In regard to environmental sustainability, through our Environmental Business Initiative, we have committed to mobilize $300 billion by 2030 in support of energy efficiency, renewable energy and sustainable transportation, as well as important areas like water conservation, land use, and waste. This is in addition to $158 billion deployed since 2007. Our operations are carbon neutral, which we achieved by reducing Scope 1 and 2 emissions by more than 52 percent since 2010 and purchasing our electricity from renewable sources. We continue to install on-site solar at our facilities, we have completed multiple long-term renewable agreements to add new wind and solar electricity to the grid, and purchased Renewable Energy Certificates where needed.

This year, we’ve taken a number of steps to add to our transparency in how we govern our activities, including risk management. In addition to issuing our first SASB and TCFD reports, we have committed, through our participation in the Partnership for Carbon Accounting Financials (PCAF), to working with other financial institutions to create a methodology for measuring financed emissions and beginning to report on the bank’s financed emissions in the next three years.

What advice do you have for companies that are beginning the process of integrating SASB Standards into their management and disclosure processes?

We attribute the progress we have made in this area to the close partnership we have among our ESG, Chief Financial Officer, and Investor Relations teams in addition to our lines of business. It’s imperative to bring these groups—or the equivalent at other companies—together to understand the standards that apply to your business, identify the partners that own the relevant metrics, and ensure you have the appropriate controls and governance in place.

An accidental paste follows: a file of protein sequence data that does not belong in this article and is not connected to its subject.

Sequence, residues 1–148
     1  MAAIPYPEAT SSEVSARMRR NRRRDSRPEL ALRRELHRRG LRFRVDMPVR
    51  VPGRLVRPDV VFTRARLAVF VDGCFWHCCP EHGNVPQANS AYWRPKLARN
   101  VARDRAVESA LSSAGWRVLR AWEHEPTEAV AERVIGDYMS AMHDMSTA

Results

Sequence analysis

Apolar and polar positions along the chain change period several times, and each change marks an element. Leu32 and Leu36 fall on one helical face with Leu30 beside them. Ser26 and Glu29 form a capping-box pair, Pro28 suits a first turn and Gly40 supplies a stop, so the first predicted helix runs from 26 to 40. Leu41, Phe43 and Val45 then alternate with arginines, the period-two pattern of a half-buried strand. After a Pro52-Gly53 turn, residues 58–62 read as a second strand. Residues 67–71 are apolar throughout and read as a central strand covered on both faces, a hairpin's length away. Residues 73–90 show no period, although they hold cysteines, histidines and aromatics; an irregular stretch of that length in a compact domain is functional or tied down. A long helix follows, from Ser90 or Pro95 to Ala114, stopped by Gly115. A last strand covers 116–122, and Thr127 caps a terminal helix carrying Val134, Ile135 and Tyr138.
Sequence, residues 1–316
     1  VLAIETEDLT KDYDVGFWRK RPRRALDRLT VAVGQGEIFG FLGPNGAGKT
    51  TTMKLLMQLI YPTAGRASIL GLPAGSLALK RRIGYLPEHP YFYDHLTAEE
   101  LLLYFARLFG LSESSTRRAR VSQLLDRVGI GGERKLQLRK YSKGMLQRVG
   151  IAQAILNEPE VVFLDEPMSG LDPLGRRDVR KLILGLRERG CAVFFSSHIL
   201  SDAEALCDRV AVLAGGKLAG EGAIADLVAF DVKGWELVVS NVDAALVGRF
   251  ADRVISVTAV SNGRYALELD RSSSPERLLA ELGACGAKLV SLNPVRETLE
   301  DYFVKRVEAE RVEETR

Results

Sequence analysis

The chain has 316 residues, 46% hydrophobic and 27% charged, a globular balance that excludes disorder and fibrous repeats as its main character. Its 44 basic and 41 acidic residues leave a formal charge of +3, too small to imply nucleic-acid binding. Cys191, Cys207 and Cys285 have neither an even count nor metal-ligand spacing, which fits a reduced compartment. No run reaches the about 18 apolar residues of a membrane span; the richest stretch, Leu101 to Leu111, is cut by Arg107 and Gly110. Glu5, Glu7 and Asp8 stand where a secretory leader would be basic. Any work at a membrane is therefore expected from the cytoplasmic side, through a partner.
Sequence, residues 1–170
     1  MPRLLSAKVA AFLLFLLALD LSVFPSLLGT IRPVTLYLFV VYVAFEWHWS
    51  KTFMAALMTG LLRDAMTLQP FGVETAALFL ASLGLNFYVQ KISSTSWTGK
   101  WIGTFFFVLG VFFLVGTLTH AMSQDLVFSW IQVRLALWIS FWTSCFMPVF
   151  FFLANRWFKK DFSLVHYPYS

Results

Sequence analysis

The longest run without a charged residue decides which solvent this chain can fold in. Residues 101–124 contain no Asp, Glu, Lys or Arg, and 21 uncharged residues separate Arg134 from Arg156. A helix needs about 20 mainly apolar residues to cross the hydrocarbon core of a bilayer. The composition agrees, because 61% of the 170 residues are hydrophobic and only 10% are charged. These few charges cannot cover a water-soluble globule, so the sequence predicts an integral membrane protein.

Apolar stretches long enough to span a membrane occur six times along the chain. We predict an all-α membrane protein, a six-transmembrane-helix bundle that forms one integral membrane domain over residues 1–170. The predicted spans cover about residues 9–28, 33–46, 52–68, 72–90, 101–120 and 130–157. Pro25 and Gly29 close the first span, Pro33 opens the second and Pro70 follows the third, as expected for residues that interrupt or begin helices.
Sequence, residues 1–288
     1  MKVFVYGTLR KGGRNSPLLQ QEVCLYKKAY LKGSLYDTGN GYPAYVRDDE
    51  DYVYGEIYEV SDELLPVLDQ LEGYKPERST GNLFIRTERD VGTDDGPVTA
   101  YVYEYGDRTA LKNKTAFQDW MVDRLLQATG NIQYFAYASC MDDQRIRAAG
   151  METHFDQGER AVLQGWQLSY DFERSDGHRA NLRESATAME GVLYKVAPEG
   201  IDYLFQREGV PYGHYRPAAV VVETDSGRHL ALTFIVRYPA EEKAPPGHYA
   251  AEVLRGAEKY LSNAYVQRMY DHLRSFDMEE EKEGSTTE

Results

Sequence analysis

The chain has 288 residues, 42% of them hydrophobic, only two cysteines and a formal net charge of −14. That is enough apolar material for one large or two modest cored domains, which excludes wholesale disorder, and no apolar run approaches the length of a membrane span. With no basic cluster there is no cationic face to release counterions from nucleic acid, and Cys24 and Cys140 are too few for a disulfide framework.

In addition to the front-line teams engaged in the production of our reporting, we have support from the most senior levels of our company. Our ESG Committee, chaired by Vice Chairman Anne Finucane, is a dedicated senior leadership committee focused on ESG topics. Further, earlier this year, Bank of America established a Sustainable Markets Committee, co-chaired by Chief Operating Officer Tom Montag and Vice Chair Anne Finucane, to create focus on all we are doing in sustainable finance. Having senior leaders who are committed, dedicated, and focused on achieving sustainability objectives is crucial for success.

Building and maintaining trust for our clients, employees, and shareholders is at the heart of governance at Bank of America. That’s where the “G” in ESG comes in. Leveraging reporting frameworks like SASB should be viewed as an opportunity to both share your success, and identify opportunities to improve in how you support your employees, serve your customers, perform for your investors, and give back to your communities.

 

See Bank of America CEO Brian Moynihan at the 2020 SASB Symposium, a virtual event taking place Nov. 30-Dec. 1, during which he will participate in the live keynote discussion, “A Vision for Resilient and Sustainable Capital Markets.”